Inspector General of police Joseph Boinnet has nullified President Uhuru Kenyatta's order that allowed matatus to be painted with graffiti.
The president had in 2014 lifted a ban imposed by the National Transport and Safety Authority (NTSA) on TV screens, music and graffiti on matatus.
According to NTSA, the ban was meant to promote safety on roads and keep windshields clear of graffiti.
President Kenyatta had argued that matatu graffiti was innovative and a source of livelihood for youths.
But on Wednesday, Inspector General of Police Joseph Boinnet said the president's moratorium was being used the wrong way.
"I celebrate our culture and I love art. But not one that celebrates gangsters or violence," he told Citizen TV anchor Jeff Koinange in an interview.
The police boss also admitted that his officers might have been relaxed in enforcing the ban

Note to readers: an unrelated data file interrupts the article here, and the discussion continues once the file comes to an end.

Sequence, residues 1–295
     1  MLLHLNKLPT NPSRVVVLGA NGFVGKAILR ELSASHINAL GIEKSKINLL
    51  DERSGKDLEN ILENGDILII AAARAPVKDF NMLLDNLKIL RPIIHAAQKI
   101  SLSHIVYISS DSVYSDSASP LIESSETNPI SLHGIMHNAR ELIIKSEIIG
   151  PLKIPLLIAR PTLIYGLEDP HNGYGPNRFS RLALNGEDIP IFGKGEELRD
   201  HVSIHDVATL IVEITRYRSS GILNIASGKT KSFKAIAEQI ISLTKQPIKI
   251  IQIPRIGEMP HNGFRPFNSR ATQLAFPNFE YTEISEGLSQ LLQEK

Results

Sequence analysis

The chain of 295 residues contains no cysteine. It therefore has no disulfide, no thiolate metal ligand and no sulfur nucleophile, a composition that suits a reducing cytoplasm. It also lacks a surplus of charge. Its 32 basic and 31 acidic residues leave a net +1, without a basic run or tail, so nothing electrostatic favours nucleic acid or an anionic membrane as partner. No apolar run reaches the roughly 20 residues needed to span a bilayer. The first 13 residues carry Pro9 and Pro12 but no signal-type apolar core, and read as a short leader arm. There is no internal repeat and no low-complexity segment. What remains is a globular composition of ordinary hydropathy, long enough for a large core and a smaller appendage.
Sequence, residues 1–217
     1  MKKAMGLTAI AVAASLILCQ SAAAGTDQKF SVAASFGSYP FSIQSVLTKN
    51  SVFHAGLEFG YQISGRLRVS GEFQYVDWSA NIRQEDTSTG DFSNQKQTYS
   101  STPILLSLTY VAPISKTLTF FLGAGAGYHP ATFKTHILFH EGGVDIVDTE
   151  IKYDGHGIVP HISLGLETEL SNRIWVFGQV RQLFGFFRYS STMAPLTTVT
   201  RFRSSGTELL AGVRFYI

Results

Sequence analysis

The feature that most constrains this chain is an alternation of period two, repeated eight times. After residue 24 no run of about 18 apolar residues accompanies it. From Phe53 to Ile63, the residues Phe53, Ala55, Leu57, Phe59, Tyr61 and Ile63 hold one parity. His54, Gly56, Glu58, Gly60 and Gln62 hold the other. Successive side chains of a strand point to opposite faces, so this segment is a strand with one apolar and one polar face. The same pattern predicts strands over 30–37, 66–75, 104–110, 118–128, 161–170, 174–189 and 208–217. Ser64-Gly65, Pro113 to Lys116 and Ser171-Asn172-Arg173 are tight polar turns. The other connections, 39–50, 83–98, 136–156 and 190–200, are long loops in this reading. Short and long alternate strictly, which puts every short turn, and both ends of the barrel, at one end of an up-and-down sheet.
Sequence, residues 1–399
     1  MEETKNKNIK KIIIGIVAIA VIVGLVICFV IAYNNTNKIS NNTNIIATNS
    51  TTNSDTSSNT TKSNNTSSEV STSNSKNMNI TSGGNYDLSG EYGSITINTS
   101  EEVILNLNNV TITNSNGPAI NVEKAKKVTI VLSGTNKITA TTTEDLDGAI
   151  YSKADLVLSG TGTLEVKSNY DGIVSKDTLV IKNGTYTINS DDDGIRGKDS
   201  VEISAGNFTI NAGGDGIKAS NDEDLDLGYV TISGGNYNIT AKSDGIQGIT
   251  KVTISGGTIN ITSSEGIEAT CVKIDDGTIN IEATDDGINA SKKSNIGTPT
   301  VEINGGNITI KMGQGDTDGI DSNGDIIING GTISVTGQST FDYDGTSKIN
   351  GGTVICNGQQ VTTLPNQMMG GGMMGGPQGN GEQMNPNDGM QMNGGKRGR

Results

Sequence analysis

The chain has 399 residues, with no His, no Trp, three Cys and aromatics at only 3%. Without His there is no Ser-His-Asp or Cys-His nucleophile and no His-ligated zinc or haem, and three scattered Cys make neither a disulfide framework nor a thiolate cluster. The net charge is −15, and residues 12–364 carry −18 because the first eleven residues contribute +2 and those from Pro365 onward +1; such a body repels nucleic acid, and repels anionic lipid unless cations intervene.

"Maybe we were a bit relaxed in the past but moving forward we have said enough is enough; if you are a PSV operator you better make sure that your vehicle is in the condition that the law prescribes. If you don't, don't say I didn't warn you," he said.
The recent crackdown on matatus over the so-called Michuki rules has forced matatu owners back to garages. The rules require matatus to have only one colour and a continuous yellow line painted on the sides, back and front.
"The 'Michuki Rules' were not suspended at all; we have always enforced them but at some point some of us relaxed," Mr Boinnet acknowledged.
Graffiti artists try to make each matatu look better than the next with custom designs covered in flashy colors, and state of the art entertainment.
The more glitzy and effervescent the matatu, the more prominent it becomes to attract passengers.